Since we'll be using TDD, we'll start with the tests. Let's define some behaviour for our first function, uppercase.

defmodule SchizoTest do
  use ExUnit.Case

  test "uppercase doesn't change the first word" do
    assert Schizo.uppercase("foo") == "foo"
  end

  test "uppercase converts the second word to uppercase" do
    assert Schizo.uppercase("foo bar") == "foo BAR"
  end

  test "uppercase converts every other word to uppercase" do
    assert Schizo.uppercase("foo bar baz whee") == "foo BAR baz WHEE"
  end
end

Now let's just start implementing, making tests pass one by one as we go. We'll start by making the uppercase function. Our first test says it doesn't change the first word, so let's make the simplest thing that will work:

defmodule Schizo do
  def uppercase(string) do
    string
  end
end

If we run the tests, the first test passes. Now we can move on to the second test case - the second word should be uppercased. We'll split the input string on space and uppercase every item in the list to start, joining it back together with a space:

defmodule Schizo do
  def uppercase(string) do
    string
    |> String.split(" ")
    |> Enum.map(fn(word) -> String.upcase(word) end)
    |> Enum.join(" ")
  end
end

We're using Enum.map/2 to map each item in our list through a function. We really only want to map every other word. There's a function for this, Enum.map_every/3. Let's use it instead:

defmodule Schizo do
  def uppercase(string) do
    string
    |> String.split(" ")
    |> Enum.map_every(2, fn(word) -> String.upcase(word) end)
    |> Enum.join(" ")
  end
end

This is close, but it's actually exactly the opposite of what we want - we're mapping the odd words, and we want to map the even words. So we can't use this. We can use another function from Enum though, Enum.with_index/2. with_index will convert an Enumerable into a List of 2-tuples, where the first element is the data and the second element is the index in the Enumerable. We can then only apply our function to every other word:

defmodule Schizo do
  def uppercase(string) do
    string
    |> String.split(" ")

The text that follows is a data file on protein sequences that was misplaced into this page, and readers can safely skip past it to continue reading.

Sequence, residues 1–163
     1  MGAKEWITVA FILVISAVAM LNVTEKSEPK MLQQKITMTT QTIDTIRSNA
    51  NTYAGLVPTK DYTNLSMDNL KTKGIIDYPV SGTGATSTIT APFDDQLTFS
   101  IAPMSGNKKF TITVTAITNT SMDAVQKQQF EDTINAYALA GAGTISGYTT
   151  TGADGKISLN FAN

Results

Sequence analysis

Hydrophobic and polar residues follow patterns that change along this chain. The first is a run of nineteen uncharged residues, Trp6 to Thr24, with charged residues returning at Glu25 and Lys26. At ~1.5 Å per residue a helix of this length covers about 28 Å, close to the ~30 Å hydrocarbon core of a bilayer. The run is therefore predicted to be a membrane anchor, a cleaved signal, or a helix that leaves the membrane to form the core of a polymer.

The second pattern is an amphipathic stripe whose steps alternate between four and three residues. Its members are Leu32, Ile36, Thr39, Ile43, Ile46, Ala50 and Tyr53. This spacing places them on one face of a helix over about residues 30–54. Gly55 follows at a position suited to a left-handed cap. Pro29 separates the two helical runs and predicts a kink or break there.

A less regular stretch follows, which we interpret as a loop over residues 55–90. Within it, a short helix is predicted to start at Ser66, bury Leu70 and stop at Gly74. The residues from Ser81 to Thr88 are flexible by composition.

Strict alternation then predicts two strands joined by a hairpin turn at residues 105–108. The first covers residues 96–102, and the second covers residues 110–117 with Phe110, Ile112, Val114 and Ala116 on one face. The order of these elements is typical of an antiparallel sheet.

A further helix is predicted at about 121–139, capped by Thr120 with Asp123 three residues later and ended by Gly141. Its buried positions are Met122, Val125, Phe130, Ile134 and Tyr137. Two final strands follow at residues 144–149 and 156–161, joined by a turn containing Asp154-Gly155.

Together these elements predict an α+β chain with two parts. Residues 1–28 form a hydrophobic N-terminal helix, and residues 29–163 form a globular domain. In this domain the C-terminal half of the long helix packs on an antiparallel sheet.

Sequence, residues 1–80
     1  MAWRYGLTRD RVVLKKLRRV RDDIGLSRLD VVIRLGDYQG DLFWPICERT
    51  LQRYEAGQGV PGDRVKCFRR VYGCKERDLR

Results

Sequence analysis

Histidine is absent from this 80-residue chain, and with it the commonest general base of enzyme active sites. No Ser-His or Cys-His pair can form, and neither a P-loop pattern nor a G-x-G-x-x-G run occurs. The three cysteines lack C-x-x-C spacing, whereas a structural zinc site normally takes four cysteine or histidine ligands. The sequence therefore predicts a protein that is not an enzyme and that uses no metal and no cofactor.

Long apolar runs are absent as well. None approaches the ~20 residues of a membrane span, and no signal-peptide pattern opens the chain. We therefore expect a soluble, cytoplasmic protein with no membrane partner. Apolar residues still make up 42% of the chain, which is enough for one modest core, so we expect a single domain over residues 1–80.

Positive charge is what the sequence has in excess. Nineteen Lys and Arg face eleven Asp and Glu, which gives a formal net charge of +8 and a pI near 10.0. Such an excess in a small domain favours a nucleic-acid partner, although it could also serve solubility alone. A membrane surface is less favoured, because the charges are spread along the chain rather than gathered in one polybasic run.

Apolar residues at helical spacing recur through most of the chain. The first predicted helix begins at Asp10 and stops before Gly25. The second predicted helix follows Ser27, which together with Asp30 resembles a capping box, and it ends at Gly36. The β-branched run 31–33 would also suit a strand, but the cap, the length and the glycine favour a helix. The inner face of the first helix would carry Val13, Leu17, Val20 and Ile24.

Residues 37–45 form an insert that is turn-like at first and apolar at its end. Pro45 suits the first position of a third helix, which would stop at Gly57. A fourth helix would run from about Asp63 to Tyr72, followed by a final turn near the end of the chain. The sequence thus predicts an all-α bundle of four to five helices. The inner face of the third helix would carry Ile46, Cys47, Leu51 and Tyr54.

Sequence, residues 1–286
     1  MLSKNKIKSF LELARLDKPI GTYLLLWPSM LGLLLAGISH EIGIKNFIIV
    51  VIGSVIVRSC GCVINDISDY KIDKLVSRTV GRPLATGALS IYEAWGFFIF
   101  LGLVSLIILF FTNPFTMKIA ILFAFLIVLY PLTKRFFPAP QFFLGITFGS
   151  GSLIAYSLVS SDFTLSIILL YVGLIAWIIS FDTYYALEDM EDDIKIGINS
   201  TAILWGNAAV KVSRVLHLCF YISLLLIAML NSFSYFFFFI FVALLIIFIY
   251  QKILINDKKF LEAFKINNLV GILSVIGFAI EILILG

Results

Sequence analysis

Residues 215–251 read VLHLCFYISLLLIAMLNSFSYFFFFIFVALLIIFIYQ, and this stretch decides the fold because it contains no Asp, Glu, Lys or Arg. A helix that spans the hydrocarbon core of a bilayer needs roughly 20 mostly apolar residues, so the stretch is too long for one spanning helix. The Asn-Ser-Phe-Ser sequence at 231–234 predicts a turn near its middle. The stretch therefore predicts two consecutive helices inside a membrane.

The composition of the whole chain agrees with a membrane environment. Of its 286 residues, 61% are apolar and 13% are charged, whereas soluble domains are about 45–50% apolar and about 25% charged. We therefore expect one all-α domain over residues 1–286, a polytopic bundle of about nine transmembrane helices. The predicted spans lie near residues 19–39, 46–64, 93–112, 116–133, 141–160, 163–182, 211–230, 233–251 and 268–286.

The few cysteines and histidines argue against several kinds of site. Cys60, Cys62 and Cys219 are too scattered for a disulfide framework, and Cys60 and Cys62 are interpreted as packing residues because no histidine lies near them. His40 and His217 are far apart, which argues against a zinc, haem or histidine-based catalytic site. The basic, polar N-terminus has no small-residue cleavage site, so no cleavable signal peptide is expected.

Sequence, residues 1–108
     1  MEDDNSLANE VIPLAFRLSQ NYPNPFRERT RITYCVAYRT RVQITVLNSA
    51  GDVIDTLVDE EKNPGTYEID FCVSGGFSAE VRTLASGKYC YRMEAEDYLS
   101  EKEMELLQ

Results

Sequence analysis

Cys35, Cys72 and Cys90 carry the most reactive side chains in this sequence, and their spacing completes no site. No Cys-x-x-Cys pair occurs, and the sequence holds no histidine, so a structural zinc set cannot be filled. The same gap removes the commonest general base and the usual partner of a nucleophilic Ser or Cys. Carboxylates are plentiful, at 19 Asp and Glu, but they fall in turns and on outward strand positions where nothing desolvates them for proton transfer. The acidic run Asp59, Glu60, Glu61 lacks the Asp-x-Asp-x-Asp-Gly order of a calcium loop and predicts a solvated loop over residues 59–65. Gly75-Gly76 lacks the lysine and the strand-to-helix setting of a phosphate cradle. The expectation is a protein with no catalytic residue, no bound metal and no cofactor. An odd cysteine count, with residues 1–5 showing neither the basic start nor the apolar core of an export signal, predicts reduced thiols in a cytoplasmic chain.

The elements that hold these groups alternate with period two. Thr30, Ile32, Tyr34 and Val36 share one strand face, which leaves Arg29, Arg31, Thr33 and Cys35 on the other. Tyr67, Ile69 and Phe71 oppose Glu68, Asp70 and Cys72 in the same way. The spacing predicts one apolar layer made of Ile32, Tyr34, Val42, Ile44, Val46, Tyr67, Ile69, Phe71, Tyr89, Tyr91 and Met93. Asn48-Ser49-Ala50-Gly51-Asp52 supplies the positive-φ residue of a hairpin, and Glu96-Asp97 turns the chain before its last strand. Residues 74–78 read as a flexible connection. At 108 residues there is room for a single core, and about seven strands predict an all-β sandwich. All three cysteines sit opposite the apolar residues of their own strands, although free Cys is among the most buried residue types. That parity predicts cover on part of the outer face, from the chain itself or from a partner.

|> Enum.with_index
    |> Enum.map(fn({word, index}) ->
      if rem(index, 2) == 0 do
        word
      else
        String.upcase(word)
      end
    end)
    |> Enum.join(" ")
  end
end

With that, our tests pass.

Now that we've implemented uppercase, let's implement unvowel. First, we write some tests:

  test "unvowel doesn't change the first word" do
    assert Schizo.unvowel("foo") == "foo"
  end

  test "unvowel removes the second word's vowels" do
    assert Schizo.unvowel("foo bar") == "foo br"
  end

  test "unvowel removes every other word's vowels" do
    assert Schizo.unvowel("foo bar baz whee") == "foo br baz wh"
  end

Once again, we run the tests and start implementing, step-by-step, until they pass.

First, we'll add the function:

  def unvowel(string) do
    string
  end

We find ourselves in the same situation as before. Let's just copy and paste the code from uppercase and change the inner function to remove vowels, since they're very similar:

  def unvowel(string) do
    string
    |> String.split(" ")
    |> Enum.with_index
    |> Enum.map(fn({word, index}) ->
      if rem(index, 2) == 0 do
        word
      else
        # We can just use a regular expression to remove the vowels
        Regex.replace(~r/[aeiou]/, word, "")
      end
    end)
    |> Enum.join(" ")
  end

So that works, and we're done right?

TDD consists of red, green, refactor. So far, we've just done red, green. There's a lot of duplication here, and removing it will teach us some fun stuff about elixir, so let's go ahead and refactor this until we're happy with it. The whole point of the tests is that we can do this without fear.